The effect of spherical aberration on the optical transfer function.
Parrent, George Burl
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This paper discusses the behavior of the optical transfer function for an aberrated lens on an axis at several focus settings. The aberration considered is spherical and the focus is varied in five steps from paraxial to marginal focus. The curves are then interpreted in terms of spurious resolution, band pass, and shift of focus with spatial frequency. The problem is formulated for circular apertures in both cartesian and polar coordinates and the difficulties associated with such a general approach are described. The equivalent one dimensional problem for a slit aperture is then formulated in detail. Evaluation of the transfer function is accomplished by one of three methods depending on the amount of spherical aberration. For the case of zero aberration the integral is evaluated analytically by direct integration. For a quarter wave of aberration the integrand is expanded in a Taylors series and integrated term by term. Finally for larger aberrations Simpson's method of numerical integration is utilized and the properties of the function which make it particularly adaptable to numerical integration are established. lt was possible t hereby to obtain the transfer function at five positions between the paraxial and marginal focus for four different amounts of spherical aberration. In order to demonstrate how refocusing can compensate for spherical aberration, a frunily of curves was plotted for each aberration vvith focal ratio as a parameter. It was possible after squaring these curves ordinate by ordinate to obtain the equivalent band pass by planimeter integration. To demonstrate that the focal setting for maximum contrast depends on the spatial frequency the following graphical method was utilized. For each aberration a family of curves was plotted, contrast versus focal setting, with frequency as a parameter. It was observed that the maxima of these curves tended to shift toward the paraxial then toward the marginal focus as the frequency continued to increase. Finally an evaluation of the methods used and results obtained is presented.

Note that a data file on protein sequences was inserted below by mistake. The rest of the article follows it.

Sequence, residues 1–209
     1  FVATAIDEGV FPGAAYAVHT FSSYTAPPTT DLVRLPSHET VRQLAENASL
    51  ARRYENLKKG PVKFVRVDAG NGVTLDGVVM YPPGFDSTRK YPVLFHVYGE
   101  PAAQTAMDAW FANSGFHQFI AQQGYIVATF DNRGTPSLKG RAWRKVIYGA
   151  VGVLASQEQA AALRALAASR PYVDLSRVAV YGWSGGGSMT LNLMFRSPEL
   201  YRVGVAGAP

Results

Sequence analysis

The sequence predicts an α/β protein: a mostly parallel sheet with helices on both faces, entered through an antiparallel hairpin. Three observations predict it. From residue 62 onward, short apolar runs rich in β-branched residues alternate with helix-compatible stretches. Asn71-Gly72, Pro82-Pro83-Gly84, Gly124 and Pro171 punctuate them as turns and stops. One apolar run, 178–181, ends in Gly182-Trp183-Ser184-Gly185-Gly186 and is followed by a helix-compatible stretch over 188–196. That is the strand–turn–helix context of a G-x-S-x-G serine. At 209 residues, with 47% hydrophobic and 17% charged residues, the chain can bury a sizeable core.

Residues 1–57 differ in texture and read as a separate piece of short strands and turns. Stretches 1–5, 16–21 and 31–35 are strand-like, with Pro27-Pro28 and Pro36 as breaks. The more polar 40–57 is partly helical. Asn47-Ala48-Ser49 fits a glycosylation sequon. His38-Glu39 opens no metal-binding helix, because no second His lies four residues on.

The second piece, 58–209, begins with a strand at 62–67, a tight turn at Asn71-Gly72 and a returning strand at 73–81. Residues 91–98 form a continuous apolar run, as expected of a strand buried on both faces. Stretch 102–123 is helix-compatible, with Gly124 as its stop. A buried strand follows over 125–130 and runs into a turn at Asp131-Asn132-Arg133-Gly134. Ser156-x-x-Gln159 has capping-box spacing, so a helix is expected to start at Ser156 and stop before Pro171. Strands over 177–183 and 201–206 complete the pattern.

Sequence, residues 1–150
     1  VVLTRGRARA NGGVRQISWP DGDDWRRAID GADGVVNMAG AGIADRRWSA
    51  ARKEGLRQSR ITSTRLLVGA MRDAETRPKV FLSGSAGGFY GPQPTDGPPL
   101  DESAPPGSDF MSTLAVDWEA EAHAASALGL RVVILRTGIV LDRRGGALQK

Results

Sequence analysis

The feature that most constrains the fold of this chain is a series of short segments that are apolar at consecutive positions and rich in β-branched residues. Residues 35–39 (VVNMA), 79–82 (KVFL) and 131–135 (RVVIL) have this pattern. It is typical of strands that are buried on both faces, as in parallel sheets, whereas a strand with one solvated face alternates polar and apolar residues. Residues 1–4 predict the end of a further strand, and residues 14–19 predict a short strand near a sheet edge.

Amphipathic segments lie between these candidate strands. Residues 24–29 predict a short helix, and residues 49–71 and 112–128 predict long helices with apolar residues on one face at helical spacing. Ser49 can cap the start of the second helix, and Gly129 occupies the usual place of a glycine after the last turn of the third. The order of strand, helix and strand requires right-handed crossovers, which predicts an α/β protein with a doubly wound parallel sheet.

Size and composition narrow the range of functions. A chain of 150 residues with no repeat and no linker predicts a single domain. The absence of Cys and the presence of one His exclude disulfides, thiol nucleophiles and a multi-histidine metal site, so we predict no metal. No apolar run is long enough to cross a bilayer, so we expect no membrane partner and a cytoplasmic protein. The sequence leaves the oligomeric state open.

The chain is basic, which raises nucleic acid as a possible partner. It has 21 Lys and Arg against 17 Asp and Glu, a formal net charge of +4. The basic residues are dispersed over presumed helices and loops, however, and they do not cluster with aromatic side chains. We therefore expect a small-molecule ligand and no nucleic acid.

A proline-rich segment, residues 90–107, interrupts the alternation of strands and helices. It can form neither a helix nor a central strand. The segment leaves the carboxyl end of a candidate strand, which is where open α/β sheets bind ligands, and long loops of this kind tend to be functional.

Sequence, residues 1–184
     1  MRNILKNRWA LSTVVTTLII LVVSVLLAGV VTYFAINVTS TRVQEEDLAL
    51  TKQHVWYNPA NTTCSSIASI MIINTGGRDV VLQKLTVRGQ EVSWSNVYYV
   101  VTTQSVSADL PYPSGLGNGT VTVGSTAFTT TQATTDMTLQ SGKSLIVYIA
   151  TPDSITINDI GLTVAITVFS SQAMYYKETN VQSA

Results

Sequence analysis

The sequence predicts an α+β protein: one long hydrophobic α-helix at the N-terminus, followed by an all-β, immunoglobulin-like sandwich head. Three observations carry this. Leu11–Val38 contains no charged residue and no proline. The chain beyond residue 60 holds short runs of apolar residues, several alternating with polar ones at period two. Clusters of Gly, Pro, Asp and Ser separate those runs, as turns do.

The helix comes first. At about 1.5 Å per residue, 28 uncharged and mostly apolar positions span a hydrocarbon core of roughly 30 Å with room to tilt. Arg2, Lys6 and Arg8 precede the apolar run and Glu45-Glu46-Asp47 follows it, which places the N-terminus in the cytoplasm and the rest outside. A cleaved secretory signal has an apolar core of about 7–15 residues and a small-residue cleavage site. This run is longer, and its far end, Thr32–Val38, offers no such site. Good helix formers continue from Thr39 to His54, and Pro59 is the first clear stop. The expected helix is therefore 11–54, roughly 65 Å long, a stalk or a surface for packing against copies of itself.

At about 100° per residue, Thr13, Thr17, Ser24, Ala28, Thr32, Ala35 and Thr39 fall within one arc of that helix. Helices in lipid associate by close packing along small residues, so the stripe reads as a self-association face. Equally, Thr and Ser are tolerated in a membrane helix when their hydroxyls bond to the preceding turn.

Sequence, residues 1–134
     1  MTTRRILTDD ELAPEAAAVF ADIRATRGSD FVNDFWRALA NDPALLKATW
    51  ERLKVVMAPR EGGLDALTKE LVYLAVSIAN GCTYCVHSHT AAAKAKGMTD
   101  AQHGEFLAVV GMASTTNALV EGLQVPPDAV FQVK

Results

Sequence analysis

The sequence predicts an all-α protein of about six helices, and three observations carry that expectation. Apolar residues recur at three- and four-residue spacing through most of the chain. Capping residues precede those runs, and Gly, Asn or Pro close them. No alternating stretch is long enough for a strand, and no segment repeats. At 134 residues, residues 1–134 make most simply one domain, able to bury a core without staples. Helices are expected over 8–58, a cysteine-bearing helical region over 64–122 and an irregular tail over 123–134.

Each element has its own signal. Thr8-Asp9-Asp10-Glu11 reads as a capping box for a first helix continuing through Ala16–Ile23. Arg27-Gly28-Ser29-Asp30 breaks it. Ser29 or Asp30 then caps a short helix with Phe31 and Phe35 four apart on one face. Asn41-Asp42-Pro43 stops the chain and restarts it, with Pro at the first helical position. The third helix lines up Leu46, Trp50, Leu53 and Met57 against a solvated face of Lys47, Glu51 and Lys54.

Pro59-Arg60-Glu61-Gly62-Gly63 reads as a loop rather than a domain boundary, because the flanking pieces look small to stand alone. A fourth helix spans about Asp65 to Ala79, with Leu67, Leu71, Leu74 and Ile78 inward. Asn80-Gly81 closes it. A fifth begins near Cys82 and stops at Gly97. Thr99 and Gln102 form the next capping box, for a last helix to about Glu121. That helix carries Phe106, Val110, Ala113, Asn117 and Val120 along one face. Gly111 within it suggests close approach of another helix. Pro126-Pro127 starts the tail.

Thesis (M.A.)--Boston University
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